Close your eyes and picture a hamburger. Whether the version in your imagination is bursting with lettuce and tomatoes and oozing ketchup or not, it’s a sure bet that the image in your mind’s eye includes a bun. Without a bun it’s not a hamburger, though—it’s just a hamburger patty, or what used to be known as a hamburger steak (or hamburg steak).
If you’ve ever found yourself wondering who invented the first hamburger, you’re not alone. Below, discover more fascinating details about the history of hamburgers, from their minced beef-with-suet recipe origins to White Castle’s legendary “sliders,” and more.
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From Hamburg Sausage to Hamburg Steak
Exactly how a dish named for a German city evolved into one of America’s favorite foods is a riddle wrapped in a mystery on a sesame seed bun.
The earliest reference to the ancestor of the hamburger appears in an English cookbook from 1763. In Art of Cookery, Made Plain and Easy, Hannah Glasse explains how to make a Hamburgh sausage. The recipe calls for mixing minced beef with suet, spices, wine, and rum and stuffing it into a gut, which is then smoked and dried. Except for those final steps of converting it into a sausage, the minced meat and fat with spices could be considered a hamburg steak, which is defined as a dish of salted and smoked minced beef.
The first glimpse of hamburg steak occurred around the 1870s, when this dish began popping up in restaurants. In San Francisco, a menu from the Clipper Restaurant dated 1871 to 1884 lists Hamburg beefsteak for 10 cents, the same price as stewed mutton, tripe, or salmon. A tenderloin steak was 20 cents.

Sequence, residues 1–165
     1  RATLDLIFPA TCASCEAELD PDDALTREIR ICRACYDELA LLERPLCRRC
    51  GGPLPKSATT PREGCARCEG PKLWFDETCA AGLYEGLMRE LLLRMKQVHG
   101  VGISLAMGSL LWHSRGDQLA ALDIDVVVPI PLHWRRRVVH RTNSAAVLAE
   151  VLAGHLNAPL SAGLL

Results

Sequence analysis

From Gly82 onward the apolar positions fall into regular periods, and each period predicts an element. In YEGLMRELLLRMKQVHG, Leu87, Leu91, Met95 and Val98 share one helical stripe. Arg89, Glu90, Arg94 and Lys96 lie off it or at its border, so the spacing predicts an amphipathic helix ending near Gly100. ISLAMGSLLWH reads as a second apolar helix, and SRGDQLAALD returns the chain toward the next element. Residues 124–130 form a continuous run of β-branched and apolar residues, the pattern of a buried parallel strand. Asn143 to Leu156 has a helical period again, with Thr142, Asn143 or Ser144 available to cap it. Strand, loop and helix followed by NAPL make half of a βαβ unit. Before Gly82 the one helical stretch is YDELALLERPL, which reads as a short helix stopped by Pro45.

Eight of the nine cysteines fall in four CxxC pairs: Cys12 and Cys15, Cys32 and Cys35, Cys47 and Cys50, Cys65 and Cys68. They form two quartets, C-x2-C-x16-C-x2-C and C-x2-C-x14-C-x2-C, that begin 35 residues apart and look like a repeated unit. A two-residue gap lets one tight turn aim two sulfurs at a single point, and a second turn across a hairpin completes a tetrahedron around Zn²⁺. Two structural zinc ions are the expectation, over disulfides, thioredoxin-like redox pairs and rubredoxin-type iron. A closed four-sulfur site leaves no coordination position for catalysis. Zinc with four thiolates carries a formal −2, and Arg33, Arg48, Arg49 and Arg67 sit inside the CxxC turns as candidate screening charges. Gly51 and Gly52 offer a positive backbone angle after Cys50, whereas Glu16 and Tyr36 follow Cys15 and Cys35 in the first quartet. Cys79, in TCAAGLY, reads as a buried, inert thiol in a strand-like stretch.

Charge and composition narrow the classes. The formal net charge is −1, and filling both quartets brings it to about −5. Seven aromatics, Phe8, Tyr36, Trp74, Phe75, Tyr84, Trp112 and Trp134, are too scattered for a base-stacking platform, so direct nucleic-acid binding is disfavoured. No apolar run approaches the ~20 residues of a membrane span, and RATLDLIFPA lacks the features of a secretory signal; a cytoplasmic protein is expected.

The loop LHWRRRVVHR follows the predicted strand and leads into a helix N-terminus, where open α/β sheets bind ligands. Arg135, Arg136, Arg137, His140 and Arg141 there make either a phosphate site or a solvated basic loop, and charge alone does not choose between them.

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Hamburg Steak vs. Hamburger: What’s the Difference?
Quite simply, a hamburger is a sandwich served on a bun instead of sandwich bread, while hamburg steak is a meal itself (although it was often served with bread on the side.) But who turned a hamburg steak into “the hamburger” by placing it on a bun? Zigzagging across the country again, we find many contenders. According to the Library of Congress, Louis’ Lunch Wagon in New Haven, Connecticut, served the first hamburgers in 1895. But their hamburger sandwiches were served between slices of bread. Close, but not the real deal.
There are more tantalizing hints. In 1891, The Boston Globe ran an ad for a butcher shop, which was offering up a cookbook with a recipe for “hamburger on toast.” Then in August 1893, an ad in the Reno Gazette-Journal appeared for hamburger steak sandwiches at a local saloon, even boasting that they could “replenish an empty stomach and fortify even Satan himself.”
According to an oft-repeated story, Fletcher Davis, a fry cook from the tiny town of Athens, Texas, popularized the hamburger sandwich at the 1904 St. Louis World’s Fair. In Josh Ozersky’s The Hamburger: A History, however, the author claims that Frank X. Tolbert, the late columnist for the Dallas Morning News, concocted the story.
Who Invented the Modern Hamburger?
It is very likely that hamburgers naturally evolved from restaurants serving hamburger steak with bread on the side back in the late 1800s. In all likelihood, many a burger was borne on a bun unseen, to waste its perfume in some forgotten lunchroom.
But in 1916, fry cook Walter Anderson of Wichita, Kansas, developed a dense bun with a crisp crust that was capable of holding up to the juiciest hamburger. By 1921, the Original Slider was born.
So, sorry, Mickey D, Wendy, and all the anonymous lunch wagon proprietors and family picnickers. At least for now, Anderson—the founder of White Castle, the first fast-food hamburger chain in the U.S.—holds the title of inventor of the modern-day hamburger.
A version of this story ran in 2014; it has been updated for 2024.